Mosquitoes, unfortunately, have a valuable place in our ecosystem or something, so going out and nuking all of the little buggers is probably not a good option. The worst part about mosquitoes isn't mosquitoes themselves anyway: it's the malaria parasites that they carry, and genetic modification may have finally solved that problem for good.
Drop dead gorgeous. Killer good looks. This new fly trap is a designer's dream and a summertime bug's worst nightmare all wrapped into one. The new designer fly trap with the glowing LED light is a little lamp that will look great on your deck, but packs a unique punch to keep the bugs away from your outdoor leisure time.
Ticks have just become officially scarier. They are the first organisms to live through a trip through a scanning electron microscope. They survived a beam of electrons and vacuum pressure and still kicked their creepy little legs through it and on the other side.
The American Museum of Natural History, the home of "that giant whale," welcomed a new creature feature into its halls on Saturday. It's called Creatures of Light, and it's all about bioluminescence, a naturally occurring chemical phenomenon that lets a variety of critters light up like LEDs. If you've sat on a porch somewhere and saw fireflies signal to one another in the dark with pinpricks of pulsing yellow, you've seen bioluminescence in action. Fireflies use the signals to attract prospective mates, but that's not the only way animals employ the ability. The stoplight loosejaw fish is "among the few deep-sea animals that both produce and see red light," according to the exhibit. It's basically got its own built-in night vision that lets it see the shrimp it hunts without its red glow giving it away. Bioluminescence isn't constrained to flies and fish. As you'll see in the gallery below, there are a lot of different species that use it, and in a lot of different ways. Read on for more on what to expect at Creatures of Light: Nature's Bioluminescence.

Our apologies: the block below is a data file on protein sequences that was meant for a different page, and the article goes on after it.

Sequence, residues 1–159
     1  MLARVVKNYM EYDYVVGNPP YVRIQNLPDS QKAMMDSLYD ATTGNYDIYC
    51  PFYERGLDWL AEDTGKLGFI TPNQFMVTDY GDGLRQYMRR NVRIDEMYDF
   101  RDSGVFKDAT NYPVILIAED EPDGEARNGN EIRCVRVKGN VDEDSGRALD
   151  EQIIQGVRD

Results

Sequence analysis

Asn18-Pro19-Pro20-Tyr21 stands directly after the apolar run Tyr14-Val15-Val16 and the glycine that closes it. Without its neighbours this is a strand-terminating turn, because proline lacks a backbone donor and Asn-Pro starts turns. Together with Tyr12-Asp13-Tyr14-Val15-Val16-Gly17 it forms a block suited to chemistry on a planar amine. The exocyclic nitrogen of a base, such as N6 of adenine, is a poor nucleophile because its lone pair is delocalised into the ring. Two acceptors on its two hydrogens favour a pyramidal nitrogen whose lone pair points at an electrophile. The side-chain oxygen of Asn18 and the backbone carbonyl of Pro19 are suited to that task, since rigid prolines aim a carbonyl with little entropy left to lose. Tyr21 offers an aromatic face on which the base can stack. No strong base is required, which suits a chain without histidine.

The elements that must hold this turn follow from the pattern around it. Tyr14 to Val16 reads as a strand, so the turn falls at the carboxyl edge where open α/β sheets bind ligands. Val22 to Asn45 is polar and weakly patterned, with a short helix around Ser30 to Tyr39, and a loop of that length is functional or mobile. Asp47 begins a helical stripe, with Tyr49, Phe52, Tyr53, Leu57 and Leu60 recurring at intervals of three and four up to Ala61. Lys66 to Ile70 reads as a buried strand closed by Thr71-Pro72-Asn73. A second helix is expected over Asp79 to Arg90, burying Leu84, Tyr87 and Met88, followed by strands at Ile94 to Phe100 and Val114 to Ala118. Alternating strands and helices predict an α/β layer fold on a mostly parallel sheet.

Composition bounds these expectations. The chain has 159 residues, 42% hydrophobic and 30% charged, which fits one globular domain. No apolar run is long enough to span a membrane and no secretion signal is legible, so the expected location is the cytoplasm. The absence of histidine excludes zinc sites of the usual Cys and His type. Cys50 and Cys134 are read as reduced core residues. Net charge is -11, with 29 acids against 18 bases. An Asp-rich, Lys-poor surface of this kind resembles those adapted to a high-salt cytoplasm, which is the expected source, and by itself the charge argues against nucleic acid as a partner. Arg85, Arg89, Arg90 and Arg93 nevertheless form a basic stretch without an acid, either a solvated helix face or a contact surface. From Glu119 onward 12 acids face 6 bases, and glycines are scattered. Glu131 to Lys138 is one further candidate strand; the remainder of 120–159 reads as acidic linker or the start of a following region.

Instead of freaking out over an ant problem, an Indian scientist decided to see what happened if he welcomed the little buggers with gifts of colored sugar water. The results were fairly spectacular.
This is what it would look like if you were sitting underneath a planetarium dome which was slowly getting covered with bugs. Those with even a casual fear of insects will not want to watch the video. It gets way, way worse.
So far, iPhone alarms around the world have failed to wake people up for the first three days of 2011. Apple claimed that the bug only effected the first two days of the year, but the bug appeared to still be causing issues today. Maybe Apple's tech fixers overslept?
Shades of Little Shop of Horrors' Audrey with this LED clock from Brit designers Jimmy Loizeau and James Auger. Part flycatcher, part timepiece, the gizmo harvests insects on a sticky roller covered in flypaper, before dropping the corpses into a...
Bug season is upon us, but this time we're going to make a special effort to be ready for those bloodsucking varmints. Short of blasting them with lasers, maybe this Heated Itch Soother can help. The theory behind it: If...
The Fly Goodbye is a shotgun-like apparatus for ridding your general vicinity of pesky insects. Rather than firing bullets, when you pull the trigger the Fly Goodbye will suck air in, including any bugs that happen to inhabit said air....